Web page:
Click above picture to download A4 poster
Author: Temma E. Kaplan | File size: 291 KB
One of the chief ideological disputes between the Spanish anarchists and communists during the Civil War was the anarchists’ insistence that social revolution should not be postponed until the war was won; without the social revolution (by which they meant the defeat of authoritarianism and the transformation of all social and economic relations and institutions to permit maximum individual freedom, self-expression, and spontaneity), the war would be just another changing of the guard, so familiar in Spanish history.
Source: Journal of Contemporary History,
Vol. 6, No. 2 (1971), pp. 101-110.
Originally found at: the Zine Library, http://zinelibrary.info/
(attempted access on 12 September 2015, showed the site to be down)
Beating Back the Bureaucrats: A Rank-and-File Struggle for Trade Union Democracy in Argentina and its Strategic Implication
Author: Jonathan Payn | File size: 360 KB
“Much time has been spent on the left discussing whether or not the existing unions can still be seen as capable of representing workers’ interests or whether they have been completely and irrevocably co-opted to manage and contain worker struggles on behalf of the bosses – be they private or public. Consequently, a lot of time has also been spent debating whether unions can be taken back by workers (and made to serve their interests), or whether they should be abandoned altogether in favour either of revolutionary or dual unions or so-called new forms of organisation such as workers’ committees, solidarity networks etc…”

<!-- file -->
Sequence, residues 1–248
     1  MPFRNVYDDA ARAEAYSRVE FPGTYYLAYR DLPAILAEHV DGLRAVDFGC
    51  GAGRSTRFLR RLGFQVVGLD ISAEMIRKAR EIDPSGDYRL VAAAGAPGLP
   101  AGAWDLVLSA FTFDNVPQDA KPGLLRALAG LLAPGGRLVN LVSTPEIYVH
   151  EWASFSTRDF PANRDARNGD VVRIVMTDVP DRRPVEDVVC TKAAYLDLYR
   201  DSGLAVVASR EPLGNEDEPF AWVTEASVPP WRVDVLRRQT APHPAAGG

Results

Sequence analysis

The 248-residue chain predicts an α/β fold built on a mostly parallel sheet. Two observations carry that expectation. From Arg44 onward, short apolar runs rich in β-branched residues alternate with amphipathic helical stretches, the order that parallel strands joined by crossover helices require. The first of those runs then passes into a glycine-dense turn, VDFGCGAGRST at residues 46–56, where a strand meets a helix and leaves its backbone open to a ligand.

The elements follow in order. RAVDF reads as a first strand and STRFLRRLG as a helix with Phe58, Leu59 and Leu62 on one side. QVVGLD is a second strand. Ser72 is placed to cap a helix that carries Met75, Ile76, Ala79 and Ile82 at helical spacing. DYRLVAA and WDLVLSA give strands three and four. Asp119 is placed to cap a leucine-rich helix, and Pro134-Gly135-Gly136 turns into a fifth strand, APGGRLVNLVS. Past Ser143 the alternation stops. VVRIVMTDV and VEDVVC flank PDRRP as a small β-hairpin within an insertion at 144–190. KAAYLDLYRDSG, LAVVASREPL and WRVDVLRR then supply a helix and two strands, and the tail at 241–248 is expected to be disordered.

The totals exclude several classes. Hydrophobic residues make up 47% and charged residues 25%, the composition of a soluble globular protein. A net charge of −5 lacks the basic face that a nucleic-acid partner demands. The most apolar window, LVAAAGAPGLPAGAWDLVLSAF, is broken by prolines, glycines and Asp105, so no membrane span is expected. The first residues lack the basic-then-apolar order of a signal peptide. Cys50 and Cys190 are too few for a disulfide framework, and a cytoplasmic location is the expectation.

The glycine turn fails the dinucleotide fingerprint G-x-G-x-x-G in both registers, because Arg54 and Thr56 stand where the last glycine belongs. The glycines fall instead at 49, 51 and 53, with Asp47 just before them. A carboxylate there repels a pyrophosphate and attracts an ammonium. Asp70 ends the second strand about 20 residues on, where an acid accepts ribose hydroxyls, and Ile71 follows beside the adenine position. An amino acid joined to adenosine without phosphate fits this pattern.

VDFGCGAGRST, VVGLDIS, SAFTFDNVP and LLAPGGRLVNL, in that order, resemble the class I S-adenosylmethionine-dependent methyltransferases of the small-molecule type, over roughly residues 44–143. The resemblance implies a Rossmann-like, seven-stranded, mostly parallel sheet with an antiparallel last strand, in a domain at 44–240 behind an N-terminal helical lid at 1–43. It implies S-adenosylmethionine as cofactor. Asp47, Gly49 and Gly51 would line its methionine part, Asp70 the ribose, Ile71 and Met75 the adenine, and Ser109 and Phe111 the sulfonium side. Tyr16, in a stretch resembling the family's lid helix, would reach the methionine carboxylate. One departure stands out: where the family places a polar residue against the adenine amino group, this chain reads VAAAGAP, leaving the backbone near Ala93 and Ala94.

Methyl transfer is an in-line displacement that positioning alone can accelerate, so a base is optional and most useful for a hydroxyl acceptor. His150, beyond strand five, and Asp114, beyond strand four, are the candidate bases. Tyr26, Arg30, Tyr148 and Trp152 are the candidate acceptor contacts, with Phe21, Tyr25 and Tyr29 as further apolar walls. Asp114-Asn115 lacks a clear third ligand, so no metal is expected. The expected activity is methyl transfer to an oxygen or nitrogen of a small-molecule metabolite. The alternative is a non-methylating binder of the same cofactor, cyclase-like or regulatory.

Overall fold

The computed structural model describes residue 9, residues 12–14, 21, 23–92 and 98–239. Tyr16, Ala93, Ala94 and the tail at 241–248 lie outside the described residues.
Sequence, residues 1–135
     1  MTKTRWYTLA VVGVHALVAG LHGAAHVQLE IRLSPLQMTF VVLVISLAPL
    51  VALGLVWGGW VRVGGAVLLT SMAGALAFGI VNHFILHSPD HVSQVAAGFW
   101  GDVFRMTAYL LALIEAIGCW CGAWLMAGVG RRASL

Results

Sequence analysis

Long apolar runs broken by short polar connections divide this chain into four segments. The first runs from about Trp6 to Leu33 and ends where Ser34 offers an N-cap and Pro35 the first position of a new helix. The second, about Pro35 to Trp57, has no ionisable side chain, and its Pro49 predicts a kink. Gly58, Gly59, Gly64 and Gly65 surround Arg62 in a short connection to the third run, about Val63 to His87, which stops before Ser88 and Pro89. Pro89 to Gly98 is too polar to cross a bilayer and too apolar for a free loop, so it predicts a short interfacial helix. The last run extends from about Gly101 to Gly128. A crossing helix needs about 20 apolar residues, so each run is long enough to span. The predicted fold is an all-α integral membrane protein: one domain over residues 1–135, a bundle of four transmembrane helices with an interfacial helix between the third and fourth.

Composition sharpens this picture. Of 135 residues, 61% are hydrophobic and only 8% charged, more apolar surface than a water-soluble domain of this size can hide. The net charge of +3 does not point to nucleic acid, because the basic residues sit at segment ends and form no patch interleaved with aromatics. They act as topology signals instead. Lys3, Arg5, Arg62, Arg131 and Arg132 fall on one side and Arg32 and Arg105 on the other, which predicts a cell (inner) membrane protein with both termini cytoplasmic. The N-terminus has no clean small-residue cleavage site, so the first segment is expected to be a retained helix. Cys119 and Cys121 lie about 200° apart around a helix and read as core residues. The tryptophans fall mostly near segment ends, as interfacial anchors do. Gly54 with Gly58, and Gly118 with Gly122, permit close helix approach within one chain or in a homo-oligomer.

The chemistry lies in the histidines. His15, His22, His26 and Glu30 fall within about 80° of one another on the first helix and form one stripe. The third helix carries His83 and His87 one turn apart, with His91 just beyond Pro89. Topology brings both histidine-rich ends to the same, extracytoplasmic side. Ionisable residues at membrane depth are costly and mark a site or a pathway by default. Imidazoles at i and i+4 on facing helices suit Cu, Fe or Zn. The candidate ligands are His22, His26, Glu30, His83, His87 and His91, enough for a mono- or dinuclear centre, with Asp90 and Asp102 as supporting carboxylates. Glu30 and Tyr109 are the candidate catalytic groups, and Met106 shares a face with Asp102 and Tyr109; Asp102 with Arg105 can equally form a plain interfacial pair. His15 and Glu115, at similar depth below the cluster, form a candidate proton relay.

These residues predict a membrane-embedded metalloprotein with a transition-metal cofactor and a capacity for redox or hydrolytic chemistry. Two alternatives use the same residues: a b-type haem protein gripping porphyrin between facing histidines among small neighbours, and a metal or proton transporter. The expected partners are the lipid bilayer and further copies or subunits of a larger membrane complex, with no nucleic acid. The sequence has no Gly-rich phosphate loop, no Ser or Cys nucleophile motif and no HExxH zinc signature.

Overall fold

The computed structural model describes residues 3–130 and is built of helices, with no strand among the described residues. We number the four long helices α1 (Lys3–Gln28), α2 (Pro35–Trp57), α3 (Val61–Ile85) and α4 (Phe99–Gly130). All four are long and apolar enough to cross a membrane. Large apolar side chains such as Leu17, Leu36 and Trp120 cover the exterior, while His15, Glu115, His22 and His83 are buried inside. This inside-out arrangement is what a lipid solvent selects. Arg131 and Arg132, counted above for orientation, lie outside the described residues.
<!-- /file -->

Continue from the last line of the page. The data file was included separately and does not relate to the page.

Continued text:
Text from: Recomposition: Notes for a New Workerism
Click above picture to download A4 poster
Author: Various | File size: 430 KB
THE INDIGNITY OF WORKING FOR A LIVING is well known to anyone who ever has. Democracy, the great principle on which our society is supposedly founded, is thrown out the window as soon as we punch the time clock at work.
With no say over what we produce, or how that production is organised, and with only a small portion of that product’s value finding its way into our paycheques, we have every right to be pissed off at our bosses.
Ultimately, of course, we need to create a society in which working people make all the decisions about the production and distribution of goods and services. Harmful or useless industries, such as arms and chemical manufacturing, or the banking and insurance scams, would be eliminated….
Author: Unknown | File size: 98 KB
Workers run the world. Everything would stop without our labour. Withdrawing our labour is our weapon, and the right to run things is our demand…. At the same time, most work is a bore. As it is organized in our society, most labour kills the spirit and body of the worker, not to mention the mind. But to simply call for a four-hour day at eight hours pay is not enough. Who will benefit from the automation that could realize such a demand? Who should control technology’s introduction and integration into the economy? Potentially, we can.
Author: Dek Keenan | File size: 330 KB
This paper will introduce syndicalism both as an historical international phenomenon and as a contemporary international model and movement. It presupposes very little knowledge of, but hopefully some substantial interest in, the subject on the part of the reader.
What does Syndicalism mean to us as labour movement activists? It may mean the million workers in the Spanish CNT fighting with a new world in their hearts during the Spanish Civil War. It may mean the legendary Industrial Workers of the World organising the One Big Union across craft and trade, race and gender lines. It may mean a vast movement of workers across Latin America during the first half of the 20th Century. It may mean Starbucks baristas fighting today to build unions in coffee houses in New York and Santiago. But it very possibly means none of these things.
Because syndicalism constitutes one of the least understood currents in the workers movement. And yet syndicalism was the driving force of immense and powerful labour movements across the globe in the first decades of the 20th Century; from Argentina to Japan and from Australia to Portugal workers gathered under its flag. And today it represents a small, but growing, part of the international labour movement; albeit one that remains unduly obscure and marginal.